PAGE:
You may have heard of vegetarianism, but do you know about veganism? It’s becoming popularized, especially among millennials. Whether for ethical, moral, personal, environmental, familial, or health reasons, more and more people are going vegan.
Like with every life choice, veganism comes with its own extensive pros and cons list. In this article, we will discover what is veganism, what is in a vegan diet, and will explore the good and bad about this increasingly popular philosophy.
What Is Veganism?
Veganism is becoming increasingly popular. However, although its popularity has only really flourished in recent years, the term veganism was first coined in 1944. But the purpose of veganism, which serves to eliminate the exploitation of animals, has not changed since then.
Veganism is quite the double-edged sword. While it’s more commonly known as being a practice of eating only plant-derived foods, it is also the belief that animals are more than just a commodity for humans. Essentially, it’s where theory meets practice.
The most common idea of veganism relates to dietary vegans (sometimes often referred to as strict vegetarians). Dietary vegans are those who do not eat any animal-related food, such as meat, dairy, eggs, etc.
What’s in a Vegan Diet?
Vegans must find alternatives to the animal-related products most humans consume. So, what does this leave for them to eat? Where do they get their required amounts of protein, essential amino acids, vitamins and more?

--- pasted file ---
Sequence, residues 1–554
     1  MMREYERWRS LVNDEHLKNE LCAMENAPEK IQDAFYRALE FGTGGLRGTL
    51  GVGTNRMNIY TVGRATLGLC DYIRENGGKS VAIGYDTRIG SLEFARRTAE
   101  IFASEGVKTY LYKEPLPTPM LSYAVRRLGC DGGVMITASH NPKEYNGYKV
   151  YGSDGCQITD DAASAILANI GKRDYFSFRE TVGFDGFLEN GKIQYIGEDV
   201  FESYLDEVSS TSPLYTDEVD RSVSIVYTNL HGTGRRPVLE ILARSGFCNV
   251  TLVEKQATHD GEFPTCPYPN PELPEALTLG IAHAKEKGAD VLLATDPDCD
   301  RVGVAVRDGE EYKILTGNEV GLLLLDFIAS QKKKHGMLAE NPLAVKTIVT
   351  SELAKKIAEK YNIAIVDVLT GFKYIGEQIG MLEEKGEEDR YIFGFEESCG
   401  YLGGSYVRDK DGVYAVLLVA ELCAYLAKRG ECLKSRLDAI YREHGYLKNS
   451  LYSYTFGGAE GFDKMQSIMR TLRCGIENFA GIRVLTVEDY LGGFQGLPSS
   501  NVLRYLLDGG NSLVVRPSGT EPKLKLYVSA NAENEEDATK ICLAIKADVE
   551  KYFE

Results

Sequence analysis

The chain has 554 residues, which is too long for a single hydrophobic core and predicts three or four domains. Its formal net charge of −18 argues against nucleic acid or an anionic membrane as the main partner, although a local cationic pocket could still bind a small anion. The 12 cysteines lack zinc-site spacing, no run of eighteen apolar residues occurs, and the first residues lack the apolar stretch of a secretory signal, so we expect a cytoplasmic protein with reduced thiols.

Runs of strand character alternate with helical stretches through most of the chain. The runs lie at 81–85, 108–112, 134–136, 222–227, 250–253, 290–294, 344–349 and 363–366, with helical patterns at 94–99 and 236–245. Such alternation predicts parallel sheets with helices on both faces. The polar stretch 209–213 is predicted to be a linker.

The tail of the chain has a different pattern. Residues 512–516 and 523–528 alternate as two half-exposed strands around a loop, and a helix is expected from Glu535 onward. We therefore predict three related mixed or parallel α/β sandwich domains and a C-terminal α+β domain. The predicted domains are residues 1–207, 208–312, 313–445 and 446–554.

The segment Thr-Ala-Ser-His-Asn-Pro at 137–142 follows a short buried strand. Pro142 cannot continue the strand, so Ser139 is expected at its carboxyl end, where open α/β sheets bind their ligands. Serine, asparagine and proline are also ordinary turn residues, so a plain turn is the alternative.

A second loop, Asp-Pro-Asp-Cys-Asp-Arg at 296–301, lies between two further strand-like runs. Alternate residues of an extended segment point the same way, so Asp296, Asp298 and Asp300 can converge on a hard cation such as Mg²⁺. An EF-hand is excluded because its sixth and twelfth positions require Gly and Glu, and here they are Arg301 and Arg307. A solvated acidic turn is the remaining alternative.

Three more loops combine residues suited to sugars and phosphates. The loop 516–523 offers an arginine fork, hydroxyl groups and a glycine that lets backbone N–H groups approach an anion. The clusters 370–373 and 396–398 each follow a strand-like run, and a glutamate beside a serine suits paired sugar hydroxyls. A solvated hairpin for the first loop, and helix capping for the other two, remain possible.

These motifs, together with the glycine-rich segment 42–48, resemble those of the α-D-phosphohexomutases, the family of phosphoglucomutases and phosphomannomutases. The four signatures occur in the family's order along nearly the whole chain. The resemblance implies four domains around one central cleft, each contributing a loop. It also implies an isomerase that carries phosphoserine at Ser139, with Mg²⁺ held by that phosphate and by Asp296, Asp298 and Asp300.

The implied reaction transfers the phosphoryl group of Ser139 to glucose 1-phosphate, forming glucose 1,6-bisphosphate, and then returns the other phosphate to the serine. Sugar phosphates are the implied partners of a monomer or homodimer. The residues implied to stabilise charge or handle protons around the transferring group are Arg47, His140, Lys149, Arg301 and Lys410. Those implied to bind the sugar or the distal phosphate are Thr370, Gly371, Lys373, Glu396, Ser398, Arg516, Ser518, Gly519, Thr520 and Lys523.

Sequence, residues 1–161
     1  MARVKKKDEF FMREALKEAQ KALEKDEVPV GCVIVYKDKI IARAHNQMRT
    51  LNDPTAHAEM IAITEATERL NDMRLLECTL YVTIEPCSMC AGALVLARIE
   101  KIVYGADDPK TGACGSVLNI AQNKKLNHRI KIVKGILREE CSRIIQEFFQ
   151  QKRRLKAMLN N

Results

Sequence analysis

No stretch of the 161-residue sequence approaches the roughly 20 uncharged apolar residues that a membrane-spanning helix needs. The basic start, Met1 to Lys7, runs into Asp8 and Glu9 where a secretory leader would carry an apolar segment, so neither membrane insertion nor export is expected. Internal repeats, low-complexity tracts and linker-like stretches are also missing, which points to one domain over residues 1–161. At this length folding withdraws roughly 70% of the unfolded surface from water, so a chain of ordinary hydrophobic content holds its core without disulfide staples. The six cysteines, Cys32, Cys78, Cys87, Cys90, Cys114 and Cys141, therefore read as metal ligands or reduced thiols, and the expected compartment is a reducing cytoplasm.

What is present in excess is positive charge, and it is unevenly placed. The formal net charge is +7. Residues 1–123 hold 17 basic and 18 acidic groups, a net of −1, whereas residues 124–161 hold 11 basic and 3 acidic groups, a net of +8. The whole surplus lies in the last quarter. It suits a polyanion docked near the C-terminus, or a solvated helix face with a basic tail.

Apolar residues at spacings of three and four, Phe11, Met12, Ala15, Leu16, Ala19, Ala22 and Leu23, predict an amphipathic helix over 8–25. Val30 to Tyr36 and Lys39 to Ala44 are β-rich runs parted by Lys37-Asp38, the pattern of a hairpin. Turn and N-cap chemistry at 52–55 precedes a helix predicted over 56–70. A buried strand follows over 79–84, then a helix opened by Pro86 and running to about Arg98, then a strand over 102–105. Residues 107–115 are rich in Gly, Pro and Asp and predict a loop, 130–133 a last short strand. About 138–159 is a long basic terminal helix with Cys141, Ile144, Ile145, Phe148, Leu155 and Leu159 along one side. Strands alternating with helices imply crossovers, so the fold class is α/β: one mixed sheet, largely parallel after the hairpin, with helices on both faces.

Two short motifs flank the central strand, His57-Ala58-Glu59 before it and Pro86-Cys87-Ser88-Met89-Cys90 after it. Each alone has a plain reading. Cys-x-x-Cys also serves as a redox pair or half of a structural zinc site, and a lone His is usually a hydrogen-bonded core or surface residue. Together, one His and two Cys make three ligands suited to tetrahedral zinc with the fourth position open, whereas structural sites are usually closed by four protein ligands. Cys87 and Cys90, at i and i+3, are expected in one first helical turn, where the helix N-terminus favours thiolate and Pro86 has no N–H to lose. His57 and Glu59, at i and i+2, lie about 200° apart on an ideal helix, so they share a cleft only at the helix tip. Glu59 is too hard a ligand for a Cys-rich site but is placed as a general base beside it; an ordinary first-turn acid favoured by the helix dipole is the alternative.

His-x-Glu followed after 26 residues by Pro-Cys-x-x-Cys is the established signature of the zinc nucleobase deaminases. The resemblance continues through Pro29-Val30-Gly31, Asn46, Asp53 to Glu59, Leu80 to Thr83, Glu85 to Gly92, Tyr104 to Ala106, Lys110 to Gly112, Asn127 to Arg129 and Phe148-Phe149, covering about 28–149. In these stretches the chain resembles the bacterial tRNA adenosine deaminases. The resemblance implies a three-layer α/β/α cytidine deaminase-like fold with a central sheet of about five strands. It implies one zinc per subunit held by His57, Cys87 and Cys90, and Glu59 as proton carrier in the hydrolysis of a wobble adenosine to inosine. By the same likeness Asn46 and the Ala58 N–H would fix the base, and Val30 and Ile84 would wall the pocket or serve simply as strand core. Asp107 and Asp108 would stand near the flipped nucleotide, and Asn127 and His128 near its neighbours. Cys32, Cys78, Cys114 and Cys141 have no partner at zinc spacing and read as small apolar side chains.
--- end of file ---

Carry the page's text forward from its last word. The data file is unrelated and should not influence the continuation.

The remaining of what CAN be eaten remains pretty varied. Vegans need a variety of healthy vegetables, fruits, leafy greens, seeds, legumes, and whole grain products in order to replenish their hungry bodies.
The main concern for most vegans is adequately reaching a good amount of protein per day.
Examples of vegan sources of protein include:
● Peanut Butter
● Soy milk
● And more!
See? This is already quite the list and there’s more where that came from!
But there are still other areas where vegans need to seek alternatives.
Vitamin D, Calcium, Zinc, Iron, Omega-3 Fatty Acids, and Vitamin B12 are especially important to have in a vegan diet. While some veggies, fruits, legumes, etc., naturally offer these vitamins, fatty acids, minerals, and more, a vegan diet often requires to take supplements.
Pros & Cons of a Vegan Diet
Adopting a vegan diet can be beneficial for your health. By reducing the amount of saturated fats and meat you eat can contribute to a healthy heart. It can also reduce your risk of cancer-causing cells and heart disease.
Veganism is also beneficial to the environment. Compared to meat-eaters, the impact on our world is much less in terms of CO² production and other greenhouse gases. Most people often see veganism as an ethically positive way of life as well; respecting nature and all the critters that roam the earth.
As you can see, there are many benefits of becoming a vegan. But there’s also some downsides. Firstly, it’s not a lifestyle for everyone. Many people can become easily weak if they do not take their vegan diet seriously. It also requires conscious, eco-friendly decision-making skills that most people tend to shrug off.
Limiting your diet also might mean less options, or available options that are harder to come by. Many travelers often face the dilemma of eating vegan while on the road or in other countries.
What are your thoughts about veganism? Have you been considering a vegan diet?